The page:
Monmouth utility deposits on hold -- for now

MONMOUTH -- The City Council won't raise the price of utility deposits in Monmouth as a way to combat delinquent electric bills.


Don Berry addresses the Monmouth City Council as a large audience listens.

MONMOUTH -- The City Council won't raise the price of utility deposits in Monmouth as a way to combat delinquent electric bills.

Instead, officials will wait to see during the next six months if a series of recently established billing changes alleviates the problem.

That was the direction taken following a work session last week in which the public was invited to comment on an issue that's seen months of study by city staff, lobbying by landlords, and more recently, anger by renters.

Meanwhile, the practice of placing liens on properties if owners don't pay the bills their tenants skip out on -- which originally sparked the discussion -- doesn't appear it will be changed.

More than 100 residents -- most of them Western Oregon University students; the rest, local landlords -- crammed into Volunteer Hall on Dec. 2 to voice concerns during a sometimes-heated 90-minute debate.

The city has altered in the past couple of months some of its utility billing methods, such as requiring that staff members sign off on a customer's prior account history and expediting the mailing of final bills if a customer's power service has been terminated.

Officials are also looking at using a second collection agency to pursue unpaid bills.

The council began considering in September increasing refundable deposits for electric service from $115 to $160, believing it could create more pressure to pay bills.

At the start of the comment period last week, members of the Monmouth-Independence Tenants Union (MITU) presented Mayor John Oberst with 400 signatures from residents opposed to a deposit hike.

"Citizens of Monmouth can't afford this," said Amanda Korbe, a MITU member.

Korbe added that only 1 percent of tenants don't pay their bills, and that the deposit hike was "discriminatory" because it only applied to applicants who rent.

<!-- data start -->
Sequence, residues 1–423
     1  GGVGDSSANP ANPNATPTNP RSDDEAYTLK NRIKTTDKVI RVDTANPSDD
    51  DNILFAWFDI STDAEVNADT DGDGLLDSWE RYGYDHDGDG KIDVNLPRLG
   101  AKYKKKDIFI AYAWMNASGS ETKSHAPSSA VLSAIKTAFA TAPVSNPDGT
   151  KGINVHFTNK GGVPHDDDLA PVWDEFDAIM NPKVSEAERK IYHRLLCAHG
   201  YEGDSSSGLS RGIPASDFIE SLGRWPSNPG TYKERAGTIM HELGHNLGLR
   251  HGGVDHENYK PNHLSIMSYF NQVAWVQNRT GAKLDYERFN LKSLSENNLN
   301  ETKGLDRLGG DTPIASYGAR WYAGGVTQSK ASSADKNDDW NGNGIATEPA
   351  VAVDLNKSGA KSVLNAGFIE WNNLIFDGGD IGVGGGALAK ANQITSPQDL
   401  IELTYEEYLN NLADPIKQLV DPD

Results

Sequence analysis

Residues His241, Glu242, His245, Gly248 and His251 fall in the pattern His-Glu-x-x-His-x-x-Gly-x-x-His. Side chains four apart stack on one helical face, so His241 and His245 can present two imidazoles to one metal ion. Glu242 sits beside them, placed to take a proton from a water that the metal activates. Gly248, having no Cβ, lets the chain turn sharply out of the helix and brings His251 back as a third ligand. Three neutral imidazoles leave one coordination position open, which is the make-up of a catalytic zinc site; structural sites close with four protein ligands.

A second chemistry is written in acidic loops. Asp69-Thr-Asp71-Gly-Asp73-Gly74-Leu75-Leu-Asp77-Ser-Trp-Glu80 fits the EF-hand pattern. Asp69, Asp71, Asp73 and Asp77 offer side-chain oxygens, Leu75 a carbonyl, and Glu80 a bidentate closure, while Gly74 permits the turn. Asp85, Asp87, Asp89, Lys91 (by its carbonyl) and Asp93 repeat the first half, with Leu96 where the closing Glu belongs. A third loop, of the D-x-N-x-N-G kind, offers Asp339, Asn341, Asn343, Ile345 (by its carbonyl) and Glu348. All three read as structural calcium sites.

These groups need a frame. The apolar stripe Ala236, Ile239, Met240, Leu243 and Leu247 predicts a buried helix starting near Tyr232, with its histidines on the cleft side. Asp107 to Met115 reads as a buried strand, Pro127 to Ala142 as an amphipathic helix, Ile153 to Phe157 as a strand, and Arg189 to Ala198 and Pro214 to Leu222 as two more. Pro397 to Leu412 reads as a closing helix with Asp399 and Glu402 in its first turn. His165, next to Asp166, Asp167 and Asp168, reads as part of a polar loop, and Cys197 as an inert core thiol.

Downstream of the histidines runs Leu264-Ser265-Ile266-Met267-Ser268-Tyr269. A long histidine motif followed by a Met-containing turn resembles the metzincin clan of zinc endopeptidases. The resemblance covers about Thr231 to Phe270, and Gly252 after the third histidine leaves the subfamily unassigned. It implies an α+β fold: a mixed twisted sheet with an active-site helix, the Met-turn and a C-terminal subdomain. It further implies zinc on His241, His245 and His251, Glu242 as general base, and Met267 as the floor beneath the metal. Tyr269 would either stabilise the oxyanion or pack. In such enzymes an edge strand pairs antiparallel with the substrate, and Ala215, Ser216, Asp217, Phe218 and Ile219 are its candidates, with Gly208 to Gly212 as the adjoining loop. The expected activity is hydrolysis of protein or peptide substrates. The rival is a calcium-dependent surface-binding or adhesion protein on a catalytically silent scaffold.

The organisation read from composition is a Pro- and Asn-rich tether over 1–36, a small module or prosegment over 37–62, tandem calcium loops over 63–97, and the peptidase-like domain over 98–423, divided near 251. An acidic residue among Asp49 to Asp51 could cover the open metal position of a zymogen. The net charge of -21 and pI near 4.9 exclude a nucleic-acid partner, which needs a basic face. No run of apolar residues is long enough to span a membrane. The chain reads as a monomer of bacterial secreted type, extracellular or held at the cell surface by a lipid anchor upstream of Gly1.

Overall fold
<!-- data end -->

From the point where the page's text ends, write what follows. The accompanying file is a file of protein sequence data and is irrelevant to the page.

"This is going to hurt poor families and students who can't afford to move into" an apartment, Korbe said.

The city currently has $26,000 worth of liens based on 84 unpaid utility accounts. Seventy-two of them are related to tenant bills, though a greater dollar figure is attached to owner-occupied accounts, City Manager Scott McClure said.

About a half dozen tenants opined that larger fees make apartment living a costly prospect in Monmouth, with some noting up-front costs as great as $2,000 between utility, rent and security deposits.

"I don't think $45 more would be a dramatic burden on anyone here," Linda Taylor, a property owner in Monmouth, argued. "We have students who move out without paying (utility bills) because they know they don't have to ... as they're leaving they have cell phones, internet and other luxuries, yet can't pay (utility) bills."

Other landlords supported the increase, and continued to express outrage for the city's lien provision.

"It needs to go," said Bill Foster of Kampfer Enterprises. "And until the tenants who created this problem are held accountable, the problem will never be solved."

Councilor Chris Larsen said he felt the best method to improving collections was to continue reducing the time it takes for final bills to be issued once accounts are closed.

"Ultimately," he added, "I would like to see us do away with liens."

Councilor Steve Milligan reiterated a past argument that liens were a cost of doing business for landlords.

"This isn't a Monmouth Power & Light problem," he said. "In my perspective, we didn't solicit irresponsible tenants."

Four councilors called for a six-month trial period to see if changes to billing practices would reduce the issuance of liens before putting the deposits up for a vote.

Only Councilors Ben Meyer and Barbara Baxter favored increasing the deposits right away.

Meyer said the deposits haven't been changed for 15 years and warned that losses from delinquent bills may have to be recouped someday through higher electric rates.

"The deposits aren't meant to be punitive," Meyer said, addressing tenants in the crowd. "You're going to get them back."

Most landlords left the meeting unsatisfied.

"I think they spent a lot of time doing nothing," Taylor said. "As usual, there was zero progress ... and they skirted around the whole issue of the liens."


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